In-Memory Databases: Their Rising Popularity and Under Armour’s use of SAP HANA
Why the need for in-memory databases?
In today’s business world “speed” and “agility” are two buzzy concepts that all companies aim to achieve. For the longest time advancements on the development side of the house outpaced that of the infrastructure, but with the evolution of public cloud providers, hyperconvergence, PaaS and a multitude of other offerings, IT now has the means to achieve the speed and agility that is required of them.
The new IT stack contains tiny superstars that are not featured prominently, one of which is the database layer. Traditionally databases are stored to flash or disk. While these methods are durable, the constant movement of data from memory to disk and vice versa degraded performance and slowed down queries. The need for a faster, more performant database spurred the experimentation and ultimate proliferation of in-memory databases.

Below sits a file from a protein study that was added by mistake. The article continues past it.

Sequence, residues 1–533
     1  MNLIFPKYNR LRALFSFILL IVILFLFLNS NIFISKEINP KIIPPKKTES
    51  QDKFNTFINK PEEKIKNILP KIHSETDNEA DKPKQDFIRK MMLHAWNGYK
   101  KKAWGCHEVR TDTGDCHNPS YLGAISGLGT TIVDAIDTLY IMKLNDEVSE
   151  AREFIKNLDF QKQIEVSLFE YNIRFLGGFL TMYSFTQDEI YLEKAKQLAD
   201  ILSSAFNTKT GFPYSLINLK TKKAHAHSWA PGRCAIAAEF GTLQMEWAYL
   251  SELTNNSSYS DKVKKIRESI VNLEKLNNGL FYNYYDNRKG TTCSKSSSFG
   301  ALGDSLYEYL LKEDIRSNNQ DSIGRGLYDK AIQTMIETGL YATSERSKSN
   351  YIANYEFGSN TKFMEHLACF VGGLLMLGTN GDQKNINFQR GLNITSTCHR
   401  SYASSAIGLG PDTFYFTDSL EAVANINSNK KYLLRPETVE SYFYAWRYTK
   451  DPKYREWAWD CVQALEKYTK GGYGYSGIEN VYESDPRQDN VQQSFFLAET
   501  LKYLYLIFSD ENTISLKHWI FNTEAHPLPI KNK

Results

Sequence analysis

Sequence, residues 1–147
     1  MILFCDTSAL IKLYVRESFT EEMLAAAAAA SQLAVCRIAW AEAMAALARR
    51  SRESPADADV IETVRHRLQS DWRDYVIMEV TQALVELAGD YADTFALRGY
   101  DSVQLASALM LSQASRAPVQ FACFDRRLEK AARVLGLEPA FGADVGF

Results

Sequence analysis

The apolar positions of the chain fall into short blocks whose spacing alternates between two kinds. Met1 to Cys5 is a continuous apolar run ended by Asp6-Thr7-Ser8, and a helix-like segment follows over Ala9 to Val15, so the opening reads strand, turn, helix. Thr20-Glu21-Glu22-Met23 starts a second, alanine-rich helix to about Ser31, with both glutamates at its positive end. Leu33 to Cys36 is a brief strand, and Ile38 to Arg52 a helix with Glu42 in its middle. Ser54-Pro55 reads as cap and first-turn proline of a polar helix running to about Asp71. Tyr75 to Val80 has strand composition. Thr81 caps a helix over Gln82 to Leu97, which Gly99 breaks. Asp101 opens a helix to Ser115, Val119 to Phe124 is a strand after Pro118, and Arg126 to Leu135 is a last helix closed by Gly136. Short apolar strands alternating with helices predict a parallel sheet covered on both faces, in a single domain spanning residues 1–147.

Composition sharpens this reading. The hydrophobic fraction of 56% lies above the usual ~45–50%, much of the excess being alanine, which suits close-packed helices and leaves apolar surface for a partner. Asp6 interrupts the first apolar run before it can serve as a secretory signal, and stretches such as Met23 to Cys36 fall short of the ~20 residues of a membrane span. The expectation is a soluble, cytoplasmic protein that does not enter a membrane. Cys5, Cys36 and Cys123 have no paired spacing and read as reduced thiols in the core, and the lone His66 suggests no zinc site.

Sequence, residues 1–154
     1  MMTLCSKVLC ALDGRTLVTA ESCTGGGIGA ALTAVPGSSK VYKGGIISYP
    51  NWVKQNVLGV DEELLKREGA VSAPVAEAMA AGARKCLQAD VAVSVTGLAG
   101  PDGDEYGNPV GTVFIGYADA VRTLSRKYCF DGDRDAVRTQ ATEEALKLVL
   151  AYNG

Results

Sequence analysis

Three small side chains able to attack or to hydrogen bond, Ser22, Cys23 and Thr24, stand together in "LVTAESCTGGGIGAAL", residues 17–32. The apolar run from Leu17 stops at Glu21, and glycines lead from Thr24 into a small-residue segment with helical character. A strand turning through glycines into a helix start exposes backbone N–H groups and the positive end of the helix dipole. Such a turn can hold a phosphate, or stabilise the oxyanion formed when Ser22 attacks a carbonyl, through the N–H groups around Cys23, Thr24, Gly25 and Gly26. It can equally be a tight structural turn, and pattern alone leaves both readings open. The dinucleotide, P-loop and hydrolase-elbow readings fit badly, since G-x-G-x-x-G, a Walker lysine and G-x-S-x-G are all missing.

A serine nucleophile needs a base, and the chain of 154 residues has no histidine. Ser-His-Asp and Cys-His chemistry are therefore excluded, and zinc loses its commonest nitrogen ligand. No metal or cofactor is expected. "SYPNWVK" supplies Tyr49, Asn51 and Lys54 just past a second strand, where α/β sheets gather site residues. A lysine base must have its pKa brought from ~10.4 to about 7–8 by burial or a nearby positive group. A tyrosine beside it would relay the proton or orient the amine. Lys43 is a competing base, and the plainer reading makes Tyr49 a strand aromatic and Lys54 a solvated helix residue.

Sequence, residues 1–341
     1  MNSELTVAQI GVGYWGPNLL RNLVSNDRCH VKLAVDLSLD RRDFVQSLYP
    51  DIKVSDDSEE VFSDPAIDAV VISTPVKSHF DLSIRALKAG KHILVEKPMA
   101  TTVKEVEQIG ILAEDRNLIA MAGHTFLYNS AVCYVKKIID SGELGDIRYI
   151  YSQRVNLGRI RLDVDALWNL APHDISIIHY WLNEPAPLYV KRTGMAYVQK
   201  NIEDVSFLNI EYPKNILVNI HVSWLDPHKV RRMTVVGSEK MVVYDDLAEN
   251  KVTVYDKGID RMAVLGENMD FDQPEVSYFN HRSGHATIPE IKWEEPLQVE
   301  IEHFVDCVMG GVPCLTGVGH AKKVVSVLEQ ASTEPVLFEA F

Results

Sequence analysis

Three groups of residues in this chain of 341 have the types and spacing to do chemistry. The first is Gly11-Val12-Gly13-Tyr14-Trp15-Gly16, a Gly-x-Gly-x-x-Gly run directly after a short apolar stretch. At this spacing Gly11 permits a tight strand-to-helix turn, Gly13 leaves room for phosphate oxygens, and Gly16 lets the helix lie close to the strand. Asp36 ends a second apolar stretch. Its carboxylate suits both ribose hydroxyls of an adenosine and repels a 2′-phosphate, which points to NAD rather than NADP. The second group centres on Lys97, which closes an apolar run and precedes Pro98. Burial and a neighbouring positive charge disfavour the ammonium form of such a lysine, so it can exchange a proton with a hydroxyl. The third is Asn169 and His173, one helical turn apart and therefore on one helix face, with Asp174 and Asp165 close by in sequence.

What is an in-memory database?
In its purest form, an in-memory database stores data in main memory as opposed to disk. In-memory databases have evolved from many practices but the two most popular methods today are pure, all in-memory database and a hybrid method of both in-memory and disk. The Dynamic RAM (DRAM for short) lives on the server and all operations are conducted in-memory. By eliminating the need for disk I/O when using data, fewer instructions are needed leading to an increase in speed at which data can be accessed or manipulated. With the hybrid method, a portion of the data is kept in main memory for ease of access, while other, less crucial data is stored to disk. Hybrid models are typically favored due to their ability to reduce cost and risk around pure in-memory. To determine where data should be stored it is common practice to base it on the frequency of access of the particular records. The more frequently accessed (hot) data should be stored in main memory and the less frequently accessed (cold) data should be stored in disk.
Read the entire article here, In-Memory Databases: Their Rising Popularity and Under Armour’s use of SAP HANA
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